Three Dogz Diner serves up traditional American diner fare and Southern cuisine for breakfast and lunch in a cozy, kid-friendly diner environment. Smoking specialists layer beef or pork barbeque ($5.99) and turkey sandwiches ($5.99) with thin slices of meat that has been seasoned with special dry rubs and sauces, then slowly smoked on-site over the objections of hoarse smoke detectors. The steak and cheese loads almost a pound of brisket grilled with veggies and american cheese onto an 8-inch roll ($8.39), and daily specials add edible unpredictability throughout the week. For breakfast, sample the biscuits and gravy, with two homemade biscuits bobbing in a sea of homemade sausage gravy accompanied by a pair of eggs any style ($5.79). Sneaky chefs poach the finest eggs from Faberge farms for the eggs benedict, then stack them on english muffins, add succulent ham, and smother the steaming stacks in hollandaise sauce ($6.79).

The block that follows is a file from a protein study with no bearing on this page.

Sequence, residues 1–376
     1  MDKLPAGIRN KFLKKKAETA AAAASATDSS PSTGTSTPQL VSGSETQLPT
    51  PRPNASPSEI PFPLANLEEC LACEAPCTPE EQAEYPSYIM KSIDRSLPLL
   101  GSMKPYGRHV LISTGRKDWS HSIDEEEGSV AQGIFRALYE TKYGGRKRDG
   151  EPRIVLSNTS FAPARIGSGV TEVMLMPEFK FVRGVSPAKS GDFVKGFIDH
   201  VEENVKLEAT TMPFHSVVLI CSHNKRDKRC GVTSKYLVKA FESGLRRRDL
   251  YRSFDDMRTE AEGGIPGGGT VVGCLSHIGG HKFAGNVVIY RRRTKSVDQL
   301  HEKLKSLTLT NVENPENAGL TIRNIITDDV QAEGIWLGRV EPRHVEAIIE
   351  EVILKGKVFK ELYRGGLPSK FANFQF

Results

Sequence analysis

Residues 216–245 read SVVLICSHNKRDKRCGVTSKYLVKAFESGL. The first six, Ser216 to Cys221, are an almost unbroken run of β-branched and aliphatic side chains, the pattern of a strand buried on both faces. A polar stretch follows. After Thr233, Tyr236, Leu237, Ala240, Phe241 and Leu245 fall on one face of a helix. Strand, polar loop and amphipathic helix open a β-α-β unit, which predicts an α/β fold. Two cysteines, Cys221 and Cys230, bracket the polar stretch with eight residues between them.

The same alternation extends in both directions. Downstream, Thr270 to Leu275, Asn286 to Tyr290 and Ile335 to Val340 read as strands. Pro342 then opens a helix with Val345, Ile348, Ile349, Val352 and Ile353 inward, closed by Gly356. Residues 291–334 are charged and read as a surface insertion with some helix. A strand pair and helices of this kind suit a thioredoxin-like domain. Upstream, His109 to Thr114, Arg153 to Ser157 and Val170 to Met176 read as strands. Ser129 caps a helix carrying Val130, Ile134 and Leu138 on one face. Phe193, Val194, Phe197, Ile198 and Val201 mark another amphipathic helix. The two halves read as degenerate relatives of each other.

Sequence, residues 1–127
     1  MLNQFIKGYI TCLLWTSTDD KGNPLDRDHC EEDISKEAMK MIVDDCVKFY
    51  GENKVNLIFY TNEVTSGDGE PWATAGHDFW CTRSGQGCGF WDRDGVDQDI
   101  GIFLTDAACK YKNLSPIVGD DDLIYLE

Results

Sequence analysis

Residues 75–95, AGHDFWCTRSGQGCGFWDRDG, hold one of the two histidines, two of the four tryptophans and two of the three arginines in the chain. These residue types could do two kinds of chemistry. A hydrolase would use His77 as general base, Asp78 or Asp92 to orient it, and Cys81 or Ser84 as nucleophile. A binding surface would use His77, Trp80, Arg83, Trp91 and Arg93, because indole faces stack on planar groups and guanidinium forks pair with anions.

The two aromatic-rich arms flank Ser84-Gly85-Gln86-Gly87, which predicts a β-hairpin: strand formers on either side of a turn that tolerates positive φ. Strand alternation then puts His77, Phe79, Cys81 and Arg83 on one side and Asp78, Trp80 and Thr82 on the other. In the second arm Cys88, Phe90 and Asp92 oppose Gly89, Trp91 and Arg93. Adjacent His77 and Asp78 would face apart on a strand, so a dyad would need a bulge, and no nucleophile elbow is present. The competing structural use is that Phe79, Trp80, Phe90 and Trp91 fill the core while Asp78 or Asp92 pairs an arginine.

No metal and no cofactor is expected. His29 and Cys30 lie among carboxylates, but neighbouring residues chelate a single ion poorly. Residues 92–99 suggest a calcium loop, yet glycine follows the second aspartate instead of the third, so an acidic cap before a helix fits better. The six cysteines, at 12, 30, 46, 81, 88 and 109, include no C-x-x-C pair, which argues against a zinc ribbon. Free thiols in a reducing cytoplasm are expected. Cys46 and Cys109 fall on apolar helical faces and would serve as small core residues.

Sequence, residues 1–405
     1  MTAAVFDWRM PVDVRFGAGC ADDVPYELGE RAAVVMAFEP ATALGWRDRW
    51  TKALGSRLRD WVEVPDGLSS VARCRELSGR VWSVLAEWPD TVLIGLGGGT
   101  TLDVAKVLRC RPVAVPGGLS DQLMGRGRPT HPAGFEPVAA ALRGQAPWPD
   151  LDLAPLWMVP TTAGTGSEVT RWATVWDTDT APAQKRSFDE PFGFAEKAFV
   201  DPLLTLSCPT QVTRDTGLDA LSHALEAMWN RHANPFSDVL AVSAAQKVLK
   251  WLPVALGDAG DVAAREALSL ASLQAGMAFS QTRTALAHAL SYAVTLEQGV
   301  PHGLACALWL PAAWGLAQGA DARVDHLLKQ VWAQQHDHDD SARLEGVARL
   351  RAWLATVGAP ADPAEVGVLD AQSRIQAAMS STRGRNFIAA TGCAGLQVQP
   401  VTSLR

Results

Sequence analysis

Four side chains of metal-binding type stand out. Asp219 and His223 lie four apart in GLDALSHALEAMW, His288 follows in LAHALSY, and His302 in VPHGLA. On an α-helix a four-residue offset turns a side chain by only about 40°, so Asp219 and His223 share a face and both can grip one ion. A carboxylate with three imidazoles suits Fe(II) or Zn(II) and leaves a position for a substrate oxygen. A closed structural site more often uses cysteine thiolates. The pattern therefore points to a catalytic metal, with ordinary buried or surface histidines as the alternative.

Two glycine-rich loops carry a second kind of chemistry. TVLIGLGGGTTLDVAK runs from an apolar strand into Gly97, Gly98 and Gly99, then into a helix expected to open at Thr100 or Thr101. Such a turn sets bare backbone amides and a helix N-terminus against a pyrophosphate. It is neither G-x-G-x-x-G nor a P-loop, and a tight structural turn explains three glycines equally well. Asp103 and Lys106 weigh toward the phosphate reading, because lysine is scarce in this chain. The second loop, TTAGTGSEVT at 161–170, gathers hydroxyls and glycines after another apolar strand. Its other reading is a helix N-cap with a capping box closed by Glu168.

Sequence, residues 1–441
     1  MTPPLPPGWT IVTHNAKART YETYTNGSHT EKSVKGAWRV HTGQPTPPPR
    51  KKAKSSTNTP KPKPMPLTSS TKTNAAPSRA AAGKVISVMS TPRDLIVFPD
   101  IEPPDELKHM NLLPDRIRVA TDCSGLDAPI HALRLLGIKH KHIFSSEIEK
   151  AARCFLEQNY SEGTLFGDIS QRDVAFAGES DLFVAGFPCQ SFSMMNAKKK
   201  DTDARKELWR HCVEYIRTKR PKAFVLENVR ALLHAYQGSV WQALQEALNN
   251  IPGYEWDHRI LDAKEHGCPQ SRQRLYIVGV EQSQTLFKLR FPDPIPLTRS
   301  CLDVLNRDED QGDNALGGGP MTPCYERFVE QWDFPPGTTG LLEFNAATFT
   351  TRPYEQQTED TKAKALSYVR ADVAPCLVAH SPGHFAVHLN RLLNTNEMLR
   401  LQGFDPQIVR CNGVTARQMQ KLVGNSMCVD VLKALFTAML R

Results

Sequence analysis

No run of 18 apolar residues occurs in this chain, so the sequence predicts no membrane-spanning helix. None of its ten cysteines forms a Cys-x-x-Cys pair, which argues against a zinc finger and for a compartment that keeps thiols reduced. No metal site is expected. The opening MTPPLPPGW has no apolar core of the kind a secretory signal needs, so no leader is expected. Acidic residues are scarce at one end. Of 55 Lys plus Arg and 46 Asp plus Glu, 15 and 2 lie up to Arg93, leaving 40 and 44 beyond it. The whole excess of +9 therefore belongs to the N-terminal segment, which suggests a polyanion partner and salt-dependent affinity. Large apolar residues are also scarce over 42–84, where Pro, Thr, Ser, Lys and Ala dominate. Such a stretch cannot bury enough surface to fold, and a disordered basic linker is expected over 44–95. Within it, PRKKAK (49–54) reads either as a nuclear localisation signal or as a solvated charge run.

Sandee’s Restaurant’s chefs sizzle an Empire State Building–sized menu of American breakfast, lunch, and dinner dishes that have helped the eatery earn awards from The Item. Diners can commence a morning meal with a sweet treat such as cranberry walnut pancakes or a belgian waffle drizzled with what snowmen wear on their birthdays: fruit and homemade whipped cream. Or, browse the menu’s selection of 10 specialty omelets stuffed with varying combinations of 17 ingredients, including feta, peppers, and applewood-smoked bacon. Traditional eggs benedict crowns croissant with ham, poached eggs, and creamy hollandaise sauce, while its Bostonian counterpart’s croissant dons scrambled eggs and corned beef hash, a mix of ingredients inventive enough to induce reconsideration of traditional notions that prevent serving breakfast for dinner or at 3 a.m. at thumping nightclubs.